The bonus challenge here is not just time to do it all, but budgets as well. When all museum staff know how to use computers and are up-to-speed on what's going on in their field, and can visualize interesting and important projects to take on with their colleagues, some funny things might happen. Said staff might want to do things with this knowledge. And things cost money (and time, and since time equals money … math.)
I don't know, have you tried Lynda.com?
Are museums ready to work this time/money into their budgets so that the digital literacy everyone agrees is important can actually accomplish something? Collections don't digitize themselves (there's an interesting application of the "Internet of Things"), publication archives don't pack themselves into boxes to send to offshore scanning vendors, and so on. (And no, "more interns" is not the answer.) Many museums are experiencing budget concerns, but cutting every use of these newfound and newly-hired skills sets and the staff they came in with will not only bring many new ideas to a halt, it will breed the kind of cynicism that might take longer to repair. If staffs are cut, will digital skills atrophy?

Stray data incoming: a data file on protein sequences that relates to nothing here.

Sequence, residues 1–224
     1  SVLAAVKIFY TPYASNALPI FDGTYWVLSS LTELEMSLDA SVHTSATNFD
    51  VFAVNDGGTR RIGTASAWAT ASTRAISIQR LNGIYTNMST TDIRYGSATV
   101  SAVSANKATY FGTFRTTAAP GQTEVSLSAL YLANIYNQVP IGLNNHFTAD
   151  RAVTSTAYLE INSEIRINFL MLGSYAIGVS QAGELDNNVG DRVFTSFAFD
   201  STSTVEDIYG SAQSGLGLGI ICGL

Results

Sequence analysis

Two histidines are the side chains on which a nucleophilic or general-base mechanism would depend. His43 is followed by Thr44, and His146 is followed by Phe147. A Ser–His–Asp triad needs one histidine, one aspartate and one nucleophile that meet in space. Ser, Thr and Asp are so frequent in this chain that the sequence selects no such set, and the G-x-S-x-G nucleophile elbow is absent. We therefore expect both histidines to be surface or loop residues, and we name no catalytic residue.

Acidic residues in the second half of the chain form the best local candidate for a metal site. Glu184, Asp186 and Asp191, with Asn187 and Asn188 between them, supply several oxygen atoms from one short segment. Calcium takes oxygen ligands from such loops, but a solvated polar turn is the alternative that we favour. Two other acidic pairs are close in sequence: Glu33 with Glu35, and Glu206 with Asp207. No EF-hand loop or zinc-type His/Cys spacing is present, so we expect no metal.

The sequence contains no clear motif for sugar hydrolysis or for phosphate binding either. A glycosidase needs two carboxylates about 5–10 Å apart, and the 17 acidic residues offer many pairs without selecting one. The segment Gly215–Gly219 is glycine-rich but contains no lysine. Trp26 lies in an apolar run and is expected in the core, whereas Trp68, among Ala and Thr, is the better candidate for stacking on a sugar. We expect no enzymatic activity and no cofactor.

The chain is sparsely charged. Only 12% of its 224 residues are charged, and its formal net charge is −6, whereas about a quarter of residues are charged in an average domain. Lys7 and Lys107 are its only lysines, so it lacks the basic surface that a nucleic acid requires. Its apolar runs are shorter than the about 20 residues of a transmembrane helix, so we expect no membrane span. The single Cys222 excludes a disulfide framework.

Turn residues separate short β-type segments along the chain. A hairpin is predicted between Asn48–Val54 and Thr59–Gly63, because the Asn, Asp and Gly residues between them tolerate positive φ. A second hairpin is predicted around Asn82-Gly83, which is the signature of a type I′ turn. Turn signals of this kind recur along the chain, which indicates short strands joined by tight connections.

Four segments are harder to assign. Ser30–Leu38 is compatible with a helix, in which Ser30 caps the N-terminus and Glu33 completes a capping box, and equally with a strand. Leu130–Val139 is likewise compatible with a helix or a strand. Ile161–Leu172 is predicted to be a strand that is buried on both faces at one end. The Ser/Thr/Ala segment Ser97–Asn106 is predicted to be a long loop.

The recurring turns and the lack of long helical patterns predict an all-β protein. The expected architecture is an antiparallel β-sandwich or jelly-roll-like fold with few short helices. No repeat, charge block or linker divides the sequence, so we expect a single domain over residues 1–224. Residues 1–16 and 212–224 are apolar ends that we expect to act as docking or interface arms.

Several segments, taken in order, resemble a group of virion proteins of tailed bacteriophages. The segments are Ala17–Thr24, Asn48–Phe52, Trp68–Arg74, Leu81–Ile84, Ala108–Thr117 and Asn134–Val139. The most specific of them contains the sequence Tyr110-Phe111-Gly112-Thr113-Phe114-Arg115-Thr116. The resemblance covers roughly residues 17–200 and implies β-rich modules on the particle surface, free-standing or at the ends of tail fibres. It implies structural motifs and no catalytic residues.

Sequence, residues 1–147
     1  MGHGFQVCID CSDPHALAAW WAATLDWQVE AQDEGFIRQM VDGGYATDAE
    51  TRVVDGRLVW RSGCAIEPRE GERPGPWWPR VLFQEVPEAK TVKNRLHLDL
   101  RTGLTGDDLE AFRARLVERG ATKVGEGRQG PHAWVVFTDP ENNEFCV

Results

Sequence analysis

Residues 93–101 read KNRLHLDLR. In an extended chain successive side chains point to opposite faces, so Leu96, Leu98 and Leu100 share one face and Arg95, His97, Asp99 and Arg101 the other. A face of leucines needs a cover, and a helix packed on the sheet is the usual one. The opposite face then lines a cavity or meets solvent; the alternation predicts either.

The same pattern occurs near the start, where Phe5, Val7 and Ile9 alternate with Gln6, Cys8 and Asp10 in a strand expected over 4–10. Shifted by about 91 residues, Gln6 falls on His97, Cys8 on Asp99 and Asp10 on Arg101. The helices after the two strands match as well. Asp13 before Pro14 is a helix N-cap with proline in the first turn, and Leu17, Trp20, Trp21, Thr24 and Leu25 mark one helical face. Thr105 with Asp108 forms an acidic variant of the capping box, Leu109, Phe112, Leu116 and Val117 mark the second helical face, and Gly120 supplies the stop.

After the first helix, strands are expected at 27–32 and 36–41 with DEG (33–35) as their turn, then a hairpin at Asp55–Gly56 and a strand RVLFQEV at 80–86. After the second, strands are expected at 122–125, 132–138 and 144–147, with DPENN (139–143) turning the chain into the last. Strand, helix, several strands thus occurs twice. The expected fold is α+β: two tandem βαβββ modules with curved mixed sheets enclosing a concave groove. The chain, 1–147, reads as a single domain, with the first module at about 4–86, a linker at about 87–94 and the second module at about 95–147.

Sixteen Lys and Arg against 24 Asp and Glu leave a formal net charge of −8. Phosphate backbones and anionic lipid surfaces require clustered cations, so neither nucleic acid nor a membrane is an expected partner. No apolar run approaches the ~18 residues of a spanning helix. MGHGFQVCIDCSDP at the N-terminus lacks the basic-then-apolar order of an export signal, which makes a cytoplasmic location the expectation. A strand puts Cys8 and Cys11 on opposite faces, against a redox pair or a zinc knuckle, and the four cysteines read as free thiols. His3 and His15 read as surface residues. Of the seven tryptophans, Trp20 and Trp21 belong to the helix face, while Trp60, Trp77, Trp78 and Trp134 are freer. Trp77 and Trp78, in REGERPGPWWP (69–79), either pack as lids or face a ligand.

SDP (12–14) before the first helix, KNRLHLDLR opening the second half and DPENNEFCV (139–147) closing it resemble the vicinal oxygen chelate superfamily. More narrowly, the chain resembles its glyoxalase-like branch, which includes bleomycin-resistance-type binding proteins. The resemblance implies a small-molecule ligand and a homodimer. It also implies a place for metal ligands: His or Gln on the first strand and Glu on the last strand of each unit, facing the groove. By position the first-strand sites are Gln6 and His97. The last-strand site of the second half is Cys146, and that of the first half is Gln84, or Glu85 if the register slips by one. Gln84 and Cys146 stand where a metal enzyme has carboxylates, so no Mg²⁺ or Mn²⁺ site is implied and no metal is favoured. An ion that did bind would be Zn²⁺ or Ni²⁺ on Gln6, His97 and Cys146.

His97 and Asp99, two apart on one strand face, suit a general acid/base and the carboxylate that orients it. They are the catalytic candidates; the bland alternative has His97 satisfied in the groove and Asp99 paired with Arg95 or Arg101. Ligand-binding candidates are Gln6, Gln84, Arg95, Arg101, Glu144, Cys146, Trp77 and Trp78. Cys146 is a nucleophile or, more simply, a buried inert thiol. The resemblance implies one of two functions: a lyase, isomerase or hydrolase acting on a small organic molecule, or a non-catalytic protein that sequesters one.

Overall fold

This post about "museology" (think "museum practice"), from a long but worthwhile series of posts, says it very well:
in an “in-digital” or “post-digital” hybrid museum, or however else one wishes to name it, museum technology is important. But the museology of its technology is more important. Technology may be the means and not the end, but the means potentially shapes the course towards the end.